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By Joe Nabbefeld
March 17, 2016
Ethiopian dancers twist and turn on TV above the bar, and the food is superb. Hand-carved statues, masks and bags of grains line the shelves of the Ethiopian store in the other half of this nondescript space in a strip-mall structure at 23rd and Jackson.
The Taco Del Mar on the corner is one of the best in the city.
Will all these shops return to this spot in the Central District after Paul Allen's development company, Vulcan, takes out the entire southeast corner to replace it with about 570 apartments above retail and underground parking?
The Taco Del Mar chain isn't going anywhere though. The Ethiopian store and restaurant will move. Grocery chains — Whole Foods, Trader Joe's and Metropolitan Market — are already jockeying to open in other Central District hot spots, replacing the Red Apple that Vulcan's redevelopment will take away.
In other words, when the construction dust settles — several years from now — the change also will have some upsides. Well, more than a couple: A lot of new housing where NONE is now. Significantly more retail, nourished by around 800 new residents. A comfy public plaza where a sea of parking sits today. And more parking — all underground.
Many of those 800 new residents will be able to make short, pretty clean commutes — by biking, walking or taking the new trolley — to jobs downtown and in South Lake Union.
One downside — and it's a real downside — is that the one-time hub of Seattle's African-American community will get more of the sort of gentrification that displaces African-Americans and lower-income people.
A friend offered this as consolation: “Well, African-Americans are already mostly gone” from the Central District. Down from 73 percent in 1970 to a bit under 20 percent now and projected to be about 14 percent by in 2019.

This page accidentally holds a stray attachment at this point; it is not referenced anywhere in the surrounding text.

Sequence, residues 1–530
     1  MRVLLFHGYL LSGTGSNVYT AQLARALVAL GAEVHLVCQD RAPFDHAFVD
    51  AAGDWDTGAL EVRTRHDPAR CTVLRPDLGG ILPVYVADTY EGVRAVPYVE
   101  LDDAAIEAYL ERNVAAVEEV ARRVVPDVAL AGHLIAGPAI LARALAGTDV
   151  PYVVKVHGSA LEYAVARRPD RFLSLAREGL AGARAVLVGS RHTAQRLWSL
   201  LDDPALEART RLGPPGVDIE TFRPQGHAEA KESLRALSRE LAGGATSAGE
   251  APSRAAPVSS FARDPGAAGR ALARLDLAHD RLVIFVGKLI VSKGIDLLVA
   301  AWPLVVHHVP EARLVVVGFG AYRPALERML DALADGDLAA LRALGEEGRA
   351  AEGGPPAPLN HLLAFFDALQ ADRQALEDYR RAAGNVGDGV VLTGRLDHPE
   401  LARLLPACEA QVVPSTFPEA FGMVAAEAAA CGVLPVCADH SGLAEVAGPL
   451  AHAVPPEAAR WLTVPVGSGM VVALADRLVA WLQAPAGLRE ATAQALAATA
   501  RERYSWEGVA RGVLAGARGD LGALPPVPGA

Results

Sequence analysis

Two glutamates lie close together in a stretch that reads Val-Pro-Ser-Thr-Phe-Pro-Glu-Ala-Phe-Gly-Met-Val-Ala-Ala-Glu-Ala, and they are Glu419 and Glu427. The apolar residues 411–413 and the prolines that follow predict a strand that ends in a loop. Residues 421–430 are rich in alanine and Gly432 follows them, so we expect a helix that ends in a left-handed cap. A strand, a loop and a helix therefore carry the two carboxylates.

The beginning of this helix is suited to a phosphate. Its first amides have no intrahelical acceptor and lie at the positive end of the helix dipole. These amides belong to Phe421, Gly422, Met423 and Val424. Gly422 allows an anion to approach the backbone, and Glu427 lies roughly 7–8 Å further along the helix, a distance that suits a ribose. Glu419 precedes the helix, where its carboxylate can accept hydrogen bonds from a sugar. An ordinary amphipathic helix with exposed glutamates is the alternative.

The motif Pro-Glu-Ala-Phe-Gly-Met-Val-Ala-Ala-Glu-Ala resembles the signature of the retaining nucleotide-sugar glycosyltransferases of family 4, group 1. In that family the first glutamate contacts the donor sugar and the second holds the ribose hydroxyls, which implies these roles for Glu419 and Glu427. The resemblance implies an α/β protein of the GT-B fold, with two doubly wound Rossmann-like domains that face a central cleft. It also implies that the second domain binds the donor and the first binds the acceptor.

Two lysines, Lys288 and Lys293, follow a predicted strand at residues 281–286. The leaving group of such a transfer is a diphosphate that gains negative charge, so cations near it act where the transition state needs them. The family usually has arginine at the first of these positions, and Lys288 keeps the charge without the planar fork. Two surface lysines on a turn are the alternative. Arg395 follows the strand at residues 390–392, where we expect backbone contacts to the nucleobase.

It still just plain hurts to witness.
Cities change and change. We've said it time and again. So far none of them appear to have found a way around this downside, despite trying.
Seattle tries too. Government incentives will lead Vulcan to make about 112 (or 20 percent) of the apartments affordable to folks earning 65 percent to 85 percent of the area's median income. (That's not poor people housing; that's “workforce” housing.)
Vulcan's $31 million purchase of the 6-acre Promenade 23 retail area at 23rd and Jackson has extra punch because it's a big play by a big player. But look around a bit and you'll see that changes along the Central District's main through-ways have been happening for decades. This corner gets a new building, then that one. Then an economic downturn hits, followed later by a few more new projects, and then another downturn.
Some of the seeds were planted back in the 1980's with efforts that led to the Growth Management Act around 1990. The GMA channels growth inward to keep things from sprawling outward into the mountains and farm fields. That means big changes for close-in places like the Central District.